It's unconstitutional to keep poor defendants in jail before their trial simply because they can't afford to pay bail. That's according to an amicus brief filed in federal court by the Justice Department on Friday, Reuters reports. According to NBC News, the Justice Department found that the practice violates the 14th Amendment and that bail amounts that don't take poverty into account "unlawfully discriminate based on indigence." It says courts must find a better way to make sure impoverished defendants show up to court than keeping them in jail.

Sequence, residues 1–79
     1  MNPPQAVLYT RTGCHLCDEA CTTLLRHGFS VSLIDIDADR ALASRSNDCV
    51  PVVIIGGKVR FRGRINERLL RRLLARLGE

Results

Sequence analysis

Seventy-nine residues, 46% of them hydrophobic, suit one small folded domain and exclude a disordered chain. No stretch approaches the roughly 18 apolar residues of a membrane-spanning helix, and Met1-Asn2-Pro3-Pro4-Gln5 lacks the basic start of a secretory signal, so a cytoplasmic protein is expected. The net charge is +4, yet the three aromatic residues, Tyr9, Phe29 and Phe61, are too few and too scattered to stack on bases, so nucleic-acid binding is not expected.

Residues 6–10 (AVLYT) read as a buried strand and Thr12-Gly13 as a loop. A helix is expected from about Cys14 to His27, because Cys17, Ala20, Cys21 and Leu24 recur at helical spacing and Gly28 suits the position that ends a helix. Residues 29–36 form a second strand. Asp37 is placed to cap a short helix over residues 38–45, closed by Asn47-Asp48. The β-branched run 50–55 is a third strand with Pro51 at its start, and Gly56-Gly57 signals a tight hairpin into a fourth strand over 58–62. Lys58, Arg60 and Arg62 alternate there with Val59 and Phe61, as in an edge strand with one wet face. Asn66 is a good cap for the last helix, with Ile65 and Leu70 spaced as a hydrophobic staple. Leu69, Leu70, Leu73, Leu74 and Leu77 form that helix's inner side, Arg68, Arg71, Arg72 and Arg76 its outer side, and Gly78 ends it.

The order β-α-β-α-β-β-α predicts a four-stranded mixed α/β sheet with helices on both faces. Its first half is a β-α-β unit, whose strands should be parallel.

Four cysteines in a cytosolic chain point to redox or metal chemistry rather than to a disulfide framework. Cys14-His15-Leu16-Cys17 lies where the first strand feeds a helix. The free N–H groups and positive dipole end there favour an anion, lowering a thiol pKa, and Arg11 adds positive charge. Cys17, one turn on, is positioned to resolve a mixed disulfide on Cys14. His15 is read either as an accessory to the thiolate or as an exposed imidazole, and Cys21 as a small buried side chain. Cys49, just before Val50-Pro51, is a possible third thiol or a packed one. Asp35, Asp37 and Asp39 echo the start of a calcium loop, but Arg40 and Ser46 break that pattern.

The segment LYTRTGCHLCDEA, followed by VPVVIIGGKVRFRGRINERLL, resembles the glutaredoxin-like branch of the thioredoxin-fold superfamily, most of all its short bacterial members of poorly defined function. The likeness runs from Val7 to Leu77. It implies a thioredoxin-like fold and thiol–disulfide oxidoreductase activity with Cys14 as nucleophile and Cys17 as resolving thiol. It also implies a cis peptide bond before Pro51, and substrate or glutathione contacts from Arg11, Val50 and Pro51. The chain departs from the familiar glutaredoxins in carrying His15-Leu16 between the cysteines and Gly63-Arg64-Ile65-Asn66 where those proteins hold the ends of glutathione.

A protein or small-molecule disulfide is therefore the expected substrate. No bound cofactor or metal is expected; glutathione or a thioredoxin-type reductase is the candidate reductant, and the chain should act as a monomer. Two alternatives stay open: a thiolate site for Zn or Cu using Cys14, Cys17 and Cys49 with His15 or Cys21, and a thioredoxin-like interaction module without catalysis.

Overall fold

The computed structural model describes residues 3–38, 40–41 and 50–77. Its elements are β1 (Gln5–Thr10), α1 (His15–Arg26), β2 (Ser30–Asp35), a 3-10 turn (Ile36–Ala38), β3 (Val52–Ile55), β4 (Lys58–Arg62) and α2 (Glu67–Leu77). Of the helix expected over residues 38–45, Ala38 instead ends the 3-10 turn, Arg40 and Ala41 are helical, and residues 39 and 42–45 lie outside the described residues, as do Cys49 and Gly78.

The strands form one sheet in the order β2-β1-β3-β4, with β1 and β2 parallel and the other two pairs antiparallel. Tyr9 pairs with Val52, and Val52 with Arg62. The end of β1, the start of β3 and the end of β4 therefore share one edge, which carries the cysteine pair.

The brief was filed in the case of Maurice Walker. Walker, who is poor and has mental health issues, was arrested for being a pedestrian under the influence in Calhoun, Georgia, the Huffington Post reports. Court is only held once per week in Calhoun, and Walker was kept in jail for six days because he couldn't afford to pay the $160 bail for his freedom. The city argued that it's perfectly legal to set bail amounts based on the seriousness of crimes without any consideration for a defendant's ability to pay it. A federal court ruled against Calhoun, but the city appealed. (Read more bail stories.)